WASHINGTON — President Trump is planning to introduce an initiative on Thursday that will seek to help bring economic security to 50 million women across the world by 2025, a program that his eldest daughter, Ivanka Trump, has hailed as a nonpartisan and “generous” approach to women’s empowerment.
The plan, which the White House is calling the Women’s Global Development and Prosperity Initiative, will draw from a $50 million starter fund from the United States Agency for International Development, and will team up with several private companies, including UPS and Walmart, Ms. Trump said. The White House is expected to officially announce the initiative on Thursday afternoon.
The Trump administration has often been guided by an isolationist credo espoused by the president and his advisers: Last year, an administration plan to cut U.S.A.I.D.’s foreign aid budget was met with a bipartisan backlash.
Ms. Trump’s initiative was meant to strike a subtly different tone.
“‘America First’ does not mean ‘America Alone,’” Ms. Trump, a senior adviser to the president and a champion of the initiative, said in a call with reporters on Wednesday as she detailed the rollout. “We are proud to be the most generous nation in the world.”
She hosted the call the evening after her father’s State of the Union address, which included a standout moment when the president talked about gains in women’s employment in the United States. The caucus of Democratic congresswomen, many of whom ran on platforms opposing Mr. Trump’s policies, stood and cheered.
The plan had been on track to be announced last month, but the partial government shutdown delayed the formal rollout.
Ms. Trump will attend the Munich Security Conference next week in Germany to promote the program as a plan to help bolster the global economy and to draw a stronger link between women’s economic empowerment and national security, a senior White House official with knowledge of the plan said on Wednesday.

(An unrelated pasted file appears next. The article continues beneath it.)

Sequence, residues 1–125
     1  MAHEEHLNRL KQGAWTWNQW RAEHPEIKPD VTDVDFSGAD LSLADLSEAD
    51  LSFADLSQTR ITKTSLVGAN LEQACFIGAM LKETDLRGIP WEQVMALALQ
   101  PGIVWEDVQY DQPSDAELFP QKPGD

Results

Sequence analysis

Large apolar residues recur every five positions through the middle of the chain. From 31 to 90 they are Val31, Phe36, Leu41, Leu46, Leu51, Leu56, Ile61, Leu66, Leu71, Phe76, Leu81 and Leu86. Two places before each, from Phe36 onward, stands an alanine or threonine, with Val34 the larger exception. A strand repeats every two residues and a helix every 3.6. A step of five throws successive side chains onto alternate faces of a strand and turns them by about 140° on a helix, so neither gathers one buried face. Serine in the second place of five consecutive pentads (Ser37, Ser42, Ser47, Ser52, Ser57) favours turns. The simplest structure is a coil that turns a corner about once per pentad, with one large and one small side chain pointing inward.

Ms. Trump, 37, first became interested in gender equality when she worked in the corporate world — she once started a “Women Who Work” hashtag to sell her branded merchandise. During her time at the White House, she has had her father’s ear on issues regarding women and families.
Last year, Ms. Trump helped start a World Bank fund with the goal of generating $1.6 billion in capital for female entrepreneurs in developing countries, and she has tried to work with members of Congress to advance initiatives she cares about, including the Women’s Entrepreneurship and Economic Empowerment Act.
And during his State of the Union address this week, the president said he was proud to call for such a provision in his budget — an idea championed by his daughter.
But Ms. Trump has also faced scrutiny for supporting equality measures even as legions of Trump administration critics say her father is rolling back protections for marginalized groups.
“Suddenly, after my father declared his candidacy, it became that all the things that I was doing that I was praised for, the same people, the critics, viewed them through this different lens,” Ms. Trump told The New York Times in 2017. “Somehow, all the same things they applauded me for as a millennial, as a female entrepreneur, were now viewed very cynically as opportunistic.”
Despite her efforts, the criticism has persisted in highly visible ways. This week, Ms. Trump responded to news reports that an artist had created an exhibition in Washington that encouraged visitors to throw crumbs at an Ivanka Trump look-alike, who would then vacuum up the detritus.
“Women can choose to knock each other down or build each other up,” Ms. Trump wrote on Twitter on Tuesday. “I choose the latter.”